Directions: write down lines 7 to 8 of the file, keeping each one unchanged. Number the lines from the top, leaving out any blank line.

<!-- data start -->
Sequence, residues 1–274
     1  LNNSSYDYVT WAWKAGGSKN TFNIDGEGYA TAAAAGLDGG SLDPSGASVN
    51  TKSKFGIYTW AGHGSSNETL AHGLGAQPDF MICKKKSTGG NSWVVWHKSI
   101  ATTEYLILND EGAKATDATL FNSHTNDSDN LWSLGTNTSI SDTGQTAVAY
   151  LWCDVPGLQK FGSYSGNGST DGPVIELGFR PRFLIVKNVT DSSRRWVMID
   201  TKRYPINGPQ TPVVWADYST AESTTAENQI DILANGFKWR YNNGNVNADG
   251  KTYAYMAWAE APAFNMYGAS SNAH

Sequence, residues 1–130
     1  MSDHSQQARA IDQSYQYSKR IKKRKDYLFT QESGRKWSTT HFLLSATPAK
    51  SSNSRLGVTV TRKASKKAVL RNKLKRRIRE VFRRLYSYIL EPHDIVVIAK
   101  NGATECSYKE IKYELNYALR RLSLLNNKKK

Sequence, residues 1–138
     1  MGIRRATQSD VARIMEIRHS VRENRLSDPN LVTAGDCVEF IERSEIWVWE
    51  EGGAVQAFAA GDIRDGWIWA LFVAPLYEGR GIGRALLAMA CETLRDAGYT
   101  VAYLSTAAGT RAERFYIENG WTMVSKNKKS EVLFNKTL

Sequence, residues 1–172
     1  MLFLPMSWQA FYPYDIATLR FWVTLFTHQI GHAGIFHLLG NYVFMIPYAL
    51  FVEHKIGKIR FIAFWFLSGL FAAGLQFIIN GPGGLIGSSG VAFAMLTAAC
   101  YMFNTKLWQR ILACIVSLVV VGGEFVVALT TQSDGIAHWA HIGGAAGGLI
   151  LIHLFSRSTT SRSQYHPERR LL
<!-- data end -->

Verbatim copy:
   251  KTYAYMAWAE APAFNMYGAS SNAH

Sequence, residues 1–130